REL Haulage has been refused an operator’s licence after running HGVs before permission was granted, despite assurances it would not do so.
Director Ian Newman had made the pledge in August 2021, saying the firm that it would not operate any vehicles in advance of authority being granted.
As a result, the traffic commissioner for the west midlands, Nick Denton, refused the application for a standard national goods vehicle operator’s licence.
Andy Scott, an offshore investor, stated that he was using his company, REL Capital, to help save struggling businesses.
The purpose of REL Haulage was to bring together the profitable elements of several distressed haulage companies.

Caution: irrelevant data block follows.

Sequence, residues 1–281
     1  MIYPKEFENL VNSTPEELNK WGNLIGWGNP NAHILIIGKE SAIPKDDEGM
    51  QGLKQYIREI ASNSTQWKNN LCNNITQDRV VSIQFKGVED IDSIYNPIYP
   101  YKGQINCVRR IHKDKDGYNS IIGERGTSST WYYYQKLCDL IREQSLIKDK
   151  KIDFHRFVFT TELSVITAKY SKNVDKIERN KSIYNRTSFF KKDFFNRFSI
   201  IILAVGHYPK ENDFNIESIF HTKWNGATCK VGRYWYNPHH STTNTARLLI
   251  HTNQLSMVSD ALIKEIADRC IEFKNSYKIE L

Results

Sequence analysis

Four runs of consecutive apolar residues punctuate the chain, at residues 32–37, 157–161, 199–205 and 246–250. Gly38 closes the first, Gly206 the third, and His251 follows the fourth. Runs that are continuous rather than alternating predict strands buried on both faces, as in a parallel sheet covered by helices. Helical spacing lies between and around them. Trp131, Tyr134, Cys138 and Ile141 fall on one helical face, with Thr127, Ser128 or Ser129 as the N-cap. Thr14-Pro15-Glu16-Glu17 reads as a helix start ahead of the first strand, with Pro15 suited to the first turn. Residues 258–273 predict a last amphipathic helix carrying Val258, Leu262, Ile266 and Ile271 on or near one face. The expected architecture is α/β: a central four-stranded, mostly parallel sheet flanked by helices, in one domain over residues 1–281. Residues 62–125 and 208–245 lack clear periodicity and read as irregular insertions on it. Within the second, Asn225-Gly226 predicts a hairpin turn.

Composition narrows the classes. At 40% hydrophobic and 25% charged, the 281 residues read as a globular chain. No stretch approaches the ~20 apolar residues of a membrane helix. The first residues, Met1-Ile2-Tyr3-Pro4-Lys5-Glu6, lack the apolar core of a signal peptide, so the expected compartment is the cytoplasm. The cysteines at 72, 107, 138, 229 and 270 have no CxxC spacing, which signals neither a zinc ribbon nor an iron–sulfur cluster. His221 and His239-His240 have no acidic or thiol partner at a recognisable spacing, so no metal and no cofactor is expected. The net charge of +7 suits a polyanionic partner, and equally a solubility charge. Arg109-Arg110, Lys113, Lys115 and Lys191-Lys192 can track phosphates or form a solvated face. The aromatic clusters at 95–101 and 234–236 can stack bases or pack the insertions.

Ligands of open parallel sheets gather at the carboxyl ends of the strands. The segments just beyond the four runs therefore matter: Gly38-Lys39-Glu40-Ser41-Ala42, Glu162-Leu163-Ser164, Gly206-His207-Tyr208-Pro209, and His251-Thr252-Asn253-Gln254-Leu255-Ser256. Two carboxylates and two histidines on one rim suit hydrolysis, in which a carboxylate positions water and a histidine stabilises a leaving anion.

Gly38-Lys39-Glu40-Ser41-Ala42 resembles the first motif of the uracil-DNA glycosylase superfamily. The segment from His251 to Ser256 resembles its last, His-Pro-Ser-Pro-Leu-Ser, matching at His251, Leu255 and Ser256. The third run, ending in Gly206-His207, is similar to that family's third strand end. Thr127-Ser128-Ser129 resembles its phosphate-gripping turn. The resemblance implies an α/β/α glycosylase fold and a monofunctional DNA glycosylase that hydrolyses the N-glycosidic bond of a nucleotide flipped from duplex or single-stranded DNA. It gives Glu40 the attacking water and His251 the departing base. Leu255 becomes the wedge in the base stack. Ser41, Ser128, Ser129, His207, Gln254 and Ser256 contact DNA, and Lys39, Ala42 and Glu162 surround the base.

It was a long-term investment, he said, with Ian Newman running it day-to-day as director and Lewis having an overseeing role.
The traffic commissioner found that Scott and Adam Lewis, a director at BB Transport and REL Storage, had a long history of failed road haulage companies behind them – companies that enter liquidation owing large sums of money to HMRC and other creditors.
Denton found a similar intention lay behind the application from REL Haulage, saying it was intended to be a vehicle for the profitable parts of REL Storage, leaving the rest of Storage to go into liquidation owing money.
He said: “Before the inquiry, I was shown a letter, dated the very day of the inquiry, threatening staff with redundancy as a result of the traffic commissioner’s decision.
“This was a repugnant attempt to influence my decision and not the act of a reputable company.
“The people behind this application are not of good repute and are not a business or people in whom I could have any trust.
“It is just the latest domino in the series of failed companies overseen by Messrs Scott and Lewis.”
Further details on the case can be found here.